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5 Tips for Making a Tiny Kitchen Work--Beautifully

7/25/2011 2:41:56 PM

Tags: tips for a small kitchen, small kitchen tips, tiny kitchen, Making This Home, Robyn Griggs Lawrence

Robyn Griggs Lawrence thumbnailThe kitchen in Katie and Martin Clemons’ 480-square-foot apartment in Berlin, Germany, was a disaster when they first saw it. It was 36 square feet and had no drawers, counter space, dishwasher or storage. The previous tenants had kept a refrigerator and freezer, with dishes stacked on top, in the living room. Through hard work and smart design, they turned a nightmare into a dream—the best kitchen they’ve ever had.

Katie and Martin knocked down walls to open up their kitchen space and disassembled the entire kitchen. They rebuilt cabinets and polished them with natural, environmentally friendly varnish. “Using natural varnish does cost more than the ‘standard’ stuff filled with toxins,” Katie says. “However, standard varnish releases a serious amount of toxins. There’s absolutely no way we could have lived in our little apartment. Oh, it’s heaven when going green saves you a load of cash—like nights and nights at a nearby hotel.”

clemens kitchen before and after 

Katie and Martin transformed an unworkable kitchen (left) into an open, inviting space with lots of storage (right). 

Katie offers tips for making tiny kitchen spaces work in a great post on her blog, Making This Home. She let me share them here.

clemens kitchen 1 

1.  Build up. Katie and Martin utilized every inch of vertical space in the back of the kitchen by extending the cabinets to the ceiling. 

2.  Question authority. “We had to question a lot about what society generally thinks a kitchen should have versus what we actually needed in this space,” Katie says. “Turns out we hardly ever use more than two or three burners. So why fill the entire counter with stovetop?”

clemens kitchen 2 clemens kitchen 3 clemens kitchen 4 

3. Choose small applicances. The two-burner stove that Katie and Martin bought was half the price of a full-size one. Because they don’t cook a lot, a half-oven is sufficient. And with a half-size dishwasher, crusty dinner dishes aren’t left sitting in the machine overnight, waiting for it to be filled. They chose a standard German refrigerator, which is the same tiny size that Americans have in college dorms.

4.  Create a super-compact recycling system. Katie and Martin’s system provides an efficient way to sort recycling, which in Germany requires 10 separate recycling piles.

clemens kitchen 7 clemens kitchen 8 

5.Keep dishes and food in a drawer. Katie doesn’t like cupboards because she can’t reach things that are stacked up high. Storing dishes and food in drawers means she can stack more in less vertical space, and it’s easier to access things in the back. 



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Post a comment below.

 

JosepH Estep
7/31/2011 9:09:22 AM
Terrific job space utilization. I have a counter top convection oven, 4 in 1 grill, two burner propane cook top and micro wave all on a rolling stand. My kitchen is wherever I want it to be, inside, outside, tableside.

PlicketyCat
7/29/2011 3:55:34 PM
We're off grid and living in a wall tent while we're building our cabin. The cabin is only 16x24, and our kitchen consists of 10' of wall cabinetry so efficient use of space is essential. We've been using a portable propane two-burner with a tiny grill drawer (one slice of toast at a time) to supplement our primary workhorse... the wood heat stove. We have no oven and do all our baking and roasting in a firepit with Dutch ovens. We've been considering a tiny propane stove/oven/range for the cabin kitchen, and have found a few 20" models that would tuck in at the end of the counter and would handle a few loaves or a small bird. Unfortunately, the newer models rely heavily on electric even though they are gas appliances. Being off-grid we need to sip power, and that includes limiting electric cooktops, toaster ovens, microwaves and kitchen appliances. Eventually we're going to build a huge wood-fired earth oven in an outdoor kitchen, but I'd like to bake my bread without making a bonfire before that! I love all the great space-saving and efficiency ideas for tiny kitchens, they really help with our remote off-grid cabin.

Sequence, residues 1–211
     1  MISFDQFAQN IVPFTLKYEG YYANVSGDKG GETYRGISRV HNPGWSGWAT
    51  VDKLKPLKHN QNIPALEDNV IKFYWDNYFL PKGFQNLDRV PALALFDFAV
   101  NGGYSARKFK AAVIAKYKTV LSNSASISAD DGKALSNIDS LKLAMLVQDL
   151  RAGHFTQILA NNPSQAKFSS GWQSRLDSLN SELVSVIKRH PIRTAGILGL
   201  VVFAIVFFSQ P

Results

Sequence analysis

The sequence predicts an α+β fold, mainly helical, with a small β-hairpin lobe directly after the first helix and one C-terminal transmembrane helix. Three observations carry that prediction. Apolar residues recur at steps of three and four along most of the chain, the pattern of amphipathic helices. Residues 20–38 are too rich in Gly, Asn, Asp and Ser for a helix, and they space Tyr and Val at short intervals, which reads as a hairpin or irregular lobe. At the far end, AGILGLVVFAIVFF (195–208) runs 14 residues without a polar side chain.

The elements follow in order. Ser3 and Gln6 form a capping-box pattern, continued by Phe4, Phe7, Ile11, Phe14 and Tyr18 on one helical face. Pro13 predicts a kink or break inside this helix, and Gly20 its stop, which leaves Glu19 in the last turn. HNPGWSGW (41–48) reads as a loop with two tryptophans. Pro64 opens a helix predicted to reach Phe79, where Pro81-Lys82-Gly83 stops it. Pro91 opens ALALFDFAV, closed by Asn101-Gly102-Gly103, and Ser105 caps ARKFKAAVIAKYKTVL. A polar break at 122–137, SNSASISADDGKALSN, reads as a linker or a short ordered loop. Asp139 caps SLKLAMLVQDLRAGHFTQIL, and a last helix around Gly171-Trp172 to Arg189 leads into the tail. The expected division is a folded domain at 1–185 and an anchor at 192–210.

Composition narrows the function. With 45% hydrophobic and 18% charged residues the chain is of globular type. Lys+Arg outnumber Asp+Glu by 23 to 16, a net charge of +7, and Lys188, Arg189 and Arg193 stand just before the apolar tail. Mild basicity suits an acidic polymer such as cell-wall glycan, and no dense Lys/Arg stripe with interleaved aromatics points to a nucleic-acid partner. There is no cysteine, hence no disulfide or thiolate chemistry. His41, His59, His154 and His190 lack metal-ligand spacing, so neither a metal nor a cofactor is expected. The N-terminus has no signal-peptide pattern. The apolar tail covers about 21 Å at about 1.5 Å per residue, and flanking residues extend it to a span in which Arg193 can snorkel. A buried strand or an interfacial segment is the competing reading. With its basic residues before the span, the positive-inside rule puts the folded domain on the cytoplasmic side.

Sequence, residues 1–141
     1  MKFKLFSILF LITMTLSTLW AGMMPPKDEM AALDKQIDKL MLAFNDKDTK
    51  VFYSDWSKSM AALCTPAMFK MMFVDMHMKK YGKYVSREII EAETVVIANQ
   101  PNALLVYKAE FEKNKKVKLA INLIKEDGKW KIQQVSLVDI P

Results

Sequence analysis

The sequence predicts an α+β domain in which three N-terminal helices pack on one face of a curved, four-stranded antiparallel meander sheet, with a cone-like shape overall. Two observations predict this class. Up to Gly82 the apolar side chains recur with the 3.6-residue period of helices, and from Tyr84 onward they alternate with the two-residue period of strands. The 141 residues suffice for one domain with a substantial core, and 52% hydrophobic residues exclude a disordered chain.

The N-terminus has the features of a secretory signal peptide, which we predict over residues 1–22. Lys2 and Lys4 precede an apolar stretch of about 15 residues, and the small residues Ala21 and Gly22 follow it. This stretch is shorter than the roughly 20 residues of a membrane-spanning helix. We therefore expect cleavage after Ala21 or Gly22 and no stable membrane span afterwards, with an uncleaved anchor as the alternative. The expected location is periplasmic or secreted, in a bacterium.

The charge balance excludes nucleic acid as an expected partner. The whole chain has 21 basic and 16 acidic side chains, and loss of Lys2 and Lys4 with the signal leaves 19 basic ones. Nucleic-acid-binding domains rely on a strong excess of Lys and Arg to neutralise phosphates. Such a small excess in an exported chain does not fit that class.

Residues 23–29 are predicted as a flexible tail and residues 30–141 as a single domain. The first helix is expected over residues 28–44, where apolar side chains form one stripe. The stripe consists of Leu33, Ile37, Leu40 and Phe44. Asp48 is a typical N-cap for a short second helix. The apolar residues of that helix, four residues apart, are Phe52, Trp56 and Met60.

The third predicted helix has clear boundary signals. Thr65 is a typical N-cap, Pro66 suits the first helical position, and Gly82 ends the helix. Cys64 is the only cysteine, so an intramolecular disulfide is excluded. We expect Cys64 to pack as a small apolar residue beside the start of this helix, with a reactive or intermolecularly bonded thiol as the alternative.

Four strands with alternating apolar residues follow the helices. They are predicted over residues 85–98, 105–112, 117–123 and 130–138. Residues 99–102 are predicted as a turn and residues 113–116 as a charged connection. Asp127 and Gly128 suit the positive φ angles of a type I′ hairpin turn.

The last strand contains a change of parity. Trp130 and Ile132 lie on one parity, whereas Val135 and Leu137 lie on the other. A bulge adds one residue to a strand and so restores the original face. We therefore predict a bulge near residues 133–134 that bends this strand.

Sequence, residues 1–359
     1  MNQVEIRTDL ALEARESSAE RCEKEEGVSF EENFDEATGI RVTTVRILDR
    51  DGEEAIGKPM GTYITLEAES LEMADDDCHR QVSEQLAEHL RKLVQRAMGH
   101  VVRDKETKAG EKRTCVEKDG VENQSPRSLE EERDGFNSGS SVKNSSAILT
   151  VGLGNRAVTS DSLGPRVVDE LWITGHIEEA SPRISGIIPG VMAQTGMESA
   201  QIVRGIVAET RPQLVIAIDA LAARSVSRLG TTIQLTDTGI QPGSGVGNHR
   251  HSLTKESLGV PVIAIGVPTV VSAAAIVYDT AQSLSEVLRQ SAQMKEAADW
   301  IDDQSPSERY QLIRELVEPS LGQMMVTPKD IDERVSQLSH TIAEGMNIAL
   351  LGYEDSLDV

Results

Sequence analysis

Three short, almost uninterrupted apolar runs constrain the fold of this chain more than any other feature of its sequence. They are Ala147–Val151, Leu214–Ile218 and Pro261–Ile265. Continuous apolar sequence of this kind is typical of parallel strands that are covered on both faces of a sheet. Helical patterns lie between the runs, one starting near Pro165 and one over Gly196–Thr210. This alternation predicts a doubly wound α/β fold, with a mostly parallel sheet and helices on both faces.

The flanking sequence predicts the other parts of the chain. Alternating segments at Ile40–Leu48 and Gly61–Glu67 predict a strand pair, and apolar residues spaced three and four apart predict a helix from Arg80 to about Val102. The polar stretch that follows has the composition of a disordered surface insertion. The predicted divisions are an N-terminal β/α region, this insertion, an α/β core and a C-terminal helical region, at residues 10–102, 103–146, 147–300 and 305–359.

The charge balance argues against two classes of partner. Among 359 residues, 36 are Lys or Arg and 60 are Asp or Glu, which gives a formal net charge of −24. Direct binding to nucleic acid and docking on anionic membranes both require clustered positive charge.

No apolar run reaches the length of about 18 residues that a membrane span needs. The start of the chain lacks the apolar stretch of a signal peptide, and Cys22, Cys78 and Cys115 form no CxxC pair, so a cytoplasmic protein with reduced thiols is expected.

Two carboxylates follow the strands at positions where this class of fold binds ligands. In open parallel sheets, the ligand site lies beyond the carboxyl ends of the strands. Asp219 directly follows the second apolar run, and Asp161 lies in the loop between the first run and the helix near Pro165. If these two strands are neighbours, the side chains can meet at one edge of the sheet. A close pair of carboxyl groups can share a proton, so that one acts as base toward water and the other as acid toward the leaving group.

Suzanne Horvath
7/29/2011 8:52:52 AM
I'm hoping to move in the next year or two and downsizing is something I've been planning on. Even now I don't use my full size oven - I have a Breville Smart Oven and I use that instead. And I have my eye on a portable 2-burner cooking unit - I can move it off the counter when workspace is needed or set it up outside when I want to use a wok over high heat. I use a Bodum mini electric kettle for hot water - don't need a tea kettle on the stove. I have two pot racks that can hold pots & pans and large utensils. A sink with a large, integrated drainboard replaces a lot of real estate on a countertop (less counter to install). I just wish Sharp still made those cute, cube shaped microwaves - the size was perfect for small spaces. In the kitchen shown in this article, I would have opted for lighter wood or lightly painted cabinets to be more open visually. But it certainly is an improvement over the "before".

Subhorup Dasgupta
7/26/2011 9:38:12 AM
What a wonderful collection of ideas. Building up on vertical spaces is something that has worked for us, stacking gadgets and storage containers, as has building down, having staggered hanging hooks for pots and pans and dispensers for rolls of sheets, paper, cling, foil, etc. Here is a post that I wrote about setting up a minimalist kitchen, though the context here was budget, and not space. Do take a look. http://goo.gl/TG0ZN










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